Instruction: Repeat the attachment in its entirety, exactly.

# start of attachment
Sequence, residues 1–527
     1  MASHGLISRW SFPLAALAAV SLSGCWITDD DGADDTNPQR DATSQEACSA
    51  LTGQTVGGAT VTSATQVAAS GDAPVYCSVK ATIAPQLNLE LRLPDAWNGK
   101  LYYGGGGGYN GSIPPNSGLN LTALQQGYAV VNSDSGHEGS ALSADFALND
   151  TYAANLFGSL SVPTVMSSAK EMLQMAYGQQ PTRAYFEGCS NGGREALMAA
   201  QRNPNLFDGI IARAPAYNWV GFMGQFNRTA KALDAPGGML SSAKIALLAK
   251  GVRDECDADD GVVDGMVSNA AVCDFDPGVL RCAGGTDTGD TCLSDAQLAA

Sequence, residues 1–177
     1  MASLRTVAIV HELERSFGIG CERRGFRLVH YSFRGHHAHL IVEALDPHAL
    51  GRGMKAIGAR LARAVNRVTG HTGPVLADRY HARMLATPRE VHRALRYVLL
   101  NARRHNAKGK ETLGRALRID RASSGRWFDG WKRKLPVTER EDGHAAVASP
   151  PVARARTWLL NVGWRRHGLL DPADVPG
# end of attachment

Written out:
Sequence, residues 1–527
     1  MASHGLISRW SFPLAALAAV SLSGCWITDD DGADDTNPQR DATSQEACSA
    51  LTGQTVGGAT VTSATQVAAS GDAPVYCSVK ATIAPQLNLE LRLPDAWNGK
   101  LYYGGGGGYN GSIPPNSGLN LTALQQGYAV VNSDSGHEGS ALSADFALND
   151  TYAANLFGSL SVPTVMSSAK EMLQMAYGQQ PTRAYFEGCS NGGREALMAA
   201  QRNPNLFDGI IARAPAYNWV GFMGQFNRTA KALDAPGGML SSAKIALLAK
   251  GVRDECDADD GVVDGMVSNA AVCDFDPGVL RCAGGTDTGD TCLSDAQLAA

Sequence, residues 1–177
     1  MASLRTVAIV HELERSFGIG CERRGFRLVH YSFRGHHAHL IVEALDPHAL
    51  GRGMKAIGAR LARAVNRVTG HTGPVLADRY HARMLATPRE VHRALRYVLL
   101  NARRHNAKGK ETLGRALRID RASSGRWFDG WKRKLPVTER EDGHAAVASP
   151  PVARARTWLL NVGWRRHGLL DPADVPG